A howler in Harry Potter is an abusive letter that reads itself aloud, embarrassing the recipient. A howler in philosophy is a really bad mistake. If I'm about to commit a howler, don't send me any howlers.
Why don't I think that the Consequence Argument (in the kind of context in which Fischer is moved by it, ie, a context in which what is in question is alternative possibilities, and not sourcehood) is a problem for compatibilism? One reason is that it seems to be to be over-general: it doesn't tell us anything about determinism and alternative possibilities. Here's one way of getting at the point. Suppose you think the following argument, or some suitable refined version of it, is sound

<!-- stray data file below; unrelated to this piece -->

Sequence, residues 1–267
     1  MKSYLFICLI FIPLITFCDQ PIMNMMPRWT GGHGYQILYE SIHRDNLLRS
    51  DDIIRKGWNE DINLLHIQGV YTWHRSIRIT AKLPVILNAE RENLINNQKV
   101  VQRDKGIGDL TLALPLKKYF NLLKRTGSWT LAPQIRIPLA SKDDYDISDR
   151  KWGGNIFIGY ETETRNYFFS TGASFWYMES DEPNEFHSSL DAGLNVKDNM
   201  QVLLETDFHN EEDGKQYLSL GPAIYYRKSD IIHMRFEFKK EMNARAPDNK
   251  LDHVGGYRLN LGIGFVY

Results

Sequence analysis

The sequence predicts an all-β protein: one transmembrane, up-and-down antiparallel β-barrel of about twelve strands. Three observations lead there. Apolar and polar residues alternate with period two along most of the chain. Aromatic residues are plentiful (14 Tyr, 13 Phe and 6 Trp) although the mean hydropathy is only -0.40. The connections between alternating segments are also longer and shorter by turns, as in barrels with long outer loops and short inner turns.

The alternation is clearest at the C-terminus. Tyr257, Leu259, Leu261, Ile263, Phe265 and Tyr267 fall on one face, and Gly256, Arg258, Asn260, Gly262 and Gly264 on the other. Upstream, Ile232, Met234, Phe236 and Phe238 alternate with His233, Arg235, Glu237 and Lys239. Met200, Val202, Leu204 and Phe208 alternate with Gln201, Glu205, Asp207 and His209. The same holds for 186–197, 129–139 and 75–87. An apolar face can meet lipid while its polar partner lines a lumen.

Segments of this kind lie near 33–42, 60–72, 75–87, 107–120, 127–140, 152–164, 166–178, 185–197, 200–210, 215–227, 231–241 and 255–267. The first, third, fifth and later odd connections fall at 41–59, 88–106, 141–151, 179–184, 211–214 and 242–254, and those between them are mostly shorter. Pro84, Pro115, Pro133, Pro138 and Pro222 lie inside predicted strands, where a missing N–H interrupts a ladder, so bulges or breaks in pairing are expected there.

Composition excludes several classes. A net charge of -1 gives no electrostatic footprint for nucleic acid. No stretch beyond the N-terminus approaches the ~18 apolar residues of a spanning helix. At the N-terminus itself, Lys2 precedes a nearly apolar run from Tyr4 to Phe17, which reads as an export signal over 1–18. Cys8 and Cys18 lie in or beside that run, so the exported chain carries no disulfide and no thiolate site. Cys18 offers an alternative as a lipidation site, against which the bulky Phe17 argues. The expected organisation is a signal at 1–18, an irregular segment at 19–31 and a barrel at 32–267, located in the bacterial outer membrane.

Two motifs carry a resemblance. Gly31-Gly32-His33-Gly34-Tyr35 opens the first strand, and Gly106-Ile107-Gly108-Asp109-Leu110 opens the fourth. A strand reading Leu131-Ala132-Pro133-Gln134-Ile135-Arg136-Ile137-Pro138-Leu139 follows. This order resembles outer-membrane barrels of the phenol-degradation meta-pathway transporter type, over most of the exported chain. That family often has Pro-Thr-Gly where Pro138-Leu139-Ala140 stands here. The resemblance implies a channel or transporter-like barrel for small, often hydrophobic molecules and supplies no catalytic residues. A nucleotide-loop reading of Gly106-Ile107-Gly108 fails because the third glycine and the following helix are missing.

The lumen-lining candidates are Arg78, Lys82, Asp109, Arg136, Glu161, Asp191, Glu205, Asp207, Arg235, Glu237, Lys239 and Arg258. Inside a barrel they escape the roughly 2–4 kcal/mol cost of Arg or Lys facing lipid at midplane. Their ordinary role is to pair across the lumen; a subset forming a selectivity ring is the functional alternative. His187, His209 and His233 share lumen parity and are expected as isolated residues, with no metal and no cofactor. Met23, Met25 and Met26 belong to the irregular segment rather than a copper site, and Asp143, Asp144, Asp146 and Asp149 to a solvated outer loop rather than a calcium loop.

|(P ⊃ Q)|
Then it seems to be that you should also find the following argument sound:
|(P ⊃ Q v R)|
|Therefore, Q v R|
But the second argument is just a simple version of the Consequence Argument for indeterministic worlds, and therefore allowing for alternative possibilities. In other words, the 'no choice' operator does not depend upon the assumption of determinism for any force it has.